House budget proposal pushes civil pension reform
- By Derek B. Johnson
- Jul 18, 2017
A 2018 budget resolution by House Budget Committee chair Diane Black (R-Tenn.) calls for federal employees to contribute a greater amount of their salaries to the government’s defined benefit retirement plan.
“This [budget] would achieve significant savings while recognizing the need for new federal employees to transition to a defined contribution retirement system,” the resolution states. “The vast majority of private sector employees participate in defined contribution retirement plans.”
The budget resolution claims to incorporate pension reform recommendations from the so-called “Simpson-Bowles” commission, named after former congressmen and co-chairmen Alan Simpson and Erskine Bowles.
The commission, formed by President Barack Obama (D) in 2010 to much fanfare, was designed to tackle and solve larger issues of federal spending, revenue and debt. However, lawmakers on both sides of the aisle blanched at the massive tax increases, spending cuts and welfare reductions included in the final recommendations, and the commission’s report eventually faded into obscurity.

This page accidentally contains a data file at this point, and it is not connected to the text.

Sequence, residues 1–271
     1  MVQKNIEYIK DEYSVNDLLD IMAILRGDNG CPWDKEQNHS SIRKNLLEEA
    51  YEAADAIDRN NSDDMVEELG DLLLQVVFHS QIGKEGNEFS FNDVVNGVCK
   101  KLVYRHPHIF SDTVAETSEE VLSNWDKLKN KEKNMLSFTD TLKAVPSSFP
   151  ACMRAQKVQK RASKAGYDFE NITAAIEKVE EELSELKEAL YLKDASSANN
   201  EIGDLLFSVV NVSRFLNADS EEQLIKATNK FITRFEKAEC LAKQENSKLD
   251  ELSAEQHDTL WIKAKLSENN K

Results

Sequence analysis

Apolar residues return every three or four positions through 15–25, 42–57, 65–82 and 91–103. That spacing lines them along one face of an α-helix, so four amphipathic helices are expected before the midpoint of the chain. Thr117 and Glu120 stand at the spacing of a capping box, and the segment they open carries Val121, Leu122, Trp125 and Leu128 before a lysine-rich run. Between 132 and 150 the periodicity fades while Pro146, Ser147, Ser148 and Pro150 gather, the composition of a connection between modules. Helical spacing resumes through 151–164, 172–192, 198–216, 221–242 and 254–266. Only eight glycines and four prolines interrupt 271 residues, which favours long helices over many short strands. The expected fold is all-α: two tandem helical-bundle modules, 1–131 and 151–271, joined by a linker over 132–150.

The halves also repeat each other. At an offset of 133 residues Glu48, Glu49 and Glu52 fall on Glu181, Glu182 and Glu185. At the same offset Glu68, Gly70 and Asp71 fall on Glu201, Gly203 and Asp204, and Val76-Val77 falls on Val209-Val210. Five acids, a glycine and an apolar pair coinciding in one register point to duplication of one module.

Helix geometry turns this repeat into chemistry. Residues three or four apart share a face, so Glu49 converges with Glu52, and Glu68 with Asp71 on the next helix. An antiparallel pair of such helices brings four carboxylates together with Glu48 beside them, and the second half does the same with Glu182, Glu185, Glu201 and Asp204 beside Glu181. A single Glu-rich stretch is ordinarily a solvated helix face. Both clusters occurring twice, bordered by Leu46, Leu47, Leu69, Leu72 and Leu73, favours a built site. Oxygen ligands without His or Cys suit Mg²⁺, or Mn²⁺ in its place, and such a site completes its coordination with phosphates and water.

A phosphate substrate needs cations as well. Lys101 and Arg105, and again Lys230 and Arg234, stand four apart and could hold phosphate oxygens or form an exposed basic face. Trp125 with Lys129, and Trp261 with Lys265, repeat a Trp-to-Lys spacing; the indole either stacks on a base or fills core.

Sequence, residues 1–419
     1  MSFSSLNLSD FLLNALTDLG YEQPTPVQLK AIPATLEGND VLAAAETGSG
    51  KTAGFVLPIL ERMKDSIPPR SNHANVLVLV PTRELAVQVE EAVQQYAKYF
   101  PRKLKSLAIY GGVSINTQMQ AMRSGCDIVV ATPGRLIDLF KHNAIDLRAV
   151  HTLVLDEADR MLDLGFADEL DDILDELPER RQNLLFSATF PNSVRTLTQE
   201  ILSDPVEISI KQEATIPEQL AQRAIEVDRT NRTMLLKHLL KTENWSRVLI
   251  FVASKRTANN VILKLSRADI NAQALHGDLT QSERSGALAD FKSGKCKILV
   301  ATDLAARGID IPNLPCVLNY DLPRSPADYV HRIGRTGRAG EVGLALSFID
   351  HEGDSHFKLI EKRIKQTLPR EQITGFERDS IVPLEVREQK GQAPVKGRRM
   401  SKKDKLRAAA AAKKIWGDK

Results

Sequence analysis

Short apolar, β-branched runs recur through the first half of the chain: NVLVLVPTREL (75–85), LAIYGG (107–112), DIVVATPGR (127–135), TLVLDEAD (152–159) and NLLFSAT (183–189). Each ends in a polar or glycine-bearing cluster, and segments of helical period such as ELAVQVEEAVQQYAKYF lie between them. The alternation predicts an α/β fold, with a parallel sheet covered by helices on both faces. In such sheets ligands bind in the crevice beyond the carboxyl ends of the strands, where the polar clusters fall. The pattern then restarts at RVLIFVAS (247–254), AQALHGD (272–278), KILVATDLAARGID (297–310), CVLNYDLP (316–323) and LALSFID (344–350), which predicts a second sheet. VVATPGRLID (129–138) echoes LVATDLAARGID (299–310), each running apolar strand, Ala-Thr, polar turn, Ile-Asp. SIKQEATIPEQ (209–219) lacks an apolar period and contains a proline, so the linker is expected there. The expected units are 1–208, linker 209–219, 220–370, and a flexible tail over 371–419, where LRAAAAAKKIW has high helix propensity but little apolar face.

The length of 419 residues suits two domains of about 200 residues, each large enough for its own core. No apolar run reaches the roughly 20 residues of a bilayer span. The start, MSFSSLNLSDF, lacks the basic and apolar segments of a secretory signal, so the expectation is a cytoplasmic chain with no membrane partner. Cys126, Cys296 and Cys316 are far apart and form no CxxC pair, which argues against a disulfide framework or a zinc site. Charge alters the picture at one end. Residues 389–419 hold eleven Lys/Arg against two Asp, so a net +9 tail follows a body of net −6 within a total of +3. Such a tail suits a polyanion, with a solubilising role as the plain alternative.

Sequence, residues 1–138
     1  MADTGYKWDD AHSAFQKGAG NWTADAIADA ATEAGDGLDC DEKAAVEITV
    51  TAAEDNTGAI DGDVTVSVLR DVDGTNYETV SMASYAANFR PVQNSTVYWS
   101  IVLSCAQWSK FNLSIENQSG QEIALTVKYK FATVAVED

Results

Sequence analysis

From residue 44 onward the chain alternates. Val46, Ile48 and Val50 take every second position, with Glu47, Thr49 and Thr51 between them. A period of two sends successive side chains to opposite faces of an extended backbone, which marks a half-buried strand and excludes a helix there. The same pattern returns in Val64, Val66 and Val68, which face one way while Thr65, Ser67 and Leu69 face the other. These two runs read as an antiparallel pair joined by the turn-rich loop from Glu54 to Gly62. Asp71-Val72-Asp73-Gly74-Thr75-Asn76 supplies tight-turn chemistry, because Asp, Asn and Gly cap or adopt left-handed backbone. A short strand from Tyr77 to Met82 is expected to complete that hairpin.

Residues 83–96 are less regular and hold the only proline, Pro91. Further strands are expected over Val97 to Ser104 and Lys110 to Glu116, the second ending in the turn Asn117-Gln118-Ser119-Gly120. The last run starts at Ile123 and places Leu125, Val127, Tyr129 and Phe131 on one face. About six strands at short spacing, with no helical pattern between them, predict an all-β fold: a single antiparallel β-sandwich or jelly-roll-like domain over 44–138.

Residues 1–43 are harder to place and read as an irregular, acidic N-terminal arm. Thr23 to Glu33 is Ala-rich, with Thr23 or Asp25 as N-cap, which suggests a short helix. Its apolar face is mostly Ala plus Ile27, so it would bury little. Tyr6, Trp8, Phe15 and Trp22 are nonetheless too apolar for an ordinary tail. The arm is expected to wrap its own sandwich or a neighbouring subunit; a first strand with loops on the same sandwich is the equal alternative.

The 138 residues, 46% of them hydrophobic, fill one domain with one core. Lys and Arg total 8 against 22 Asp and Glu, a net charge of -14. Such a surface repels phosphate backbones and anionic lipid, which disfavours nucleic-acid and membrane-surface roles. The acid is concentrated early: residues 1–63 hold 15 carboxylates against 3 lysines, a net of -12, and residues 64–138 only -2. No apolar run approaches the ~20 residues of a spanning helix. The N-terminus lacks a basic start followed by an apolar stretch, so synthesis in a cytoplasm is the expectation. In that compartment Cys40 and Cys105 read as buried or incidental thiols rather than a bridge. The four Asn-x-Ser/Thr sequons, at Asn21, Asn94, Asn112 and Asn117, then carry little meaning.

Among their cost-saving proposals was a plan to reform civil service pensions by increasing the number of earnings years used to calculate pension benefits, deferring cost of living adjustments for early retirees and adjusting the ratio of employer/employee contributions.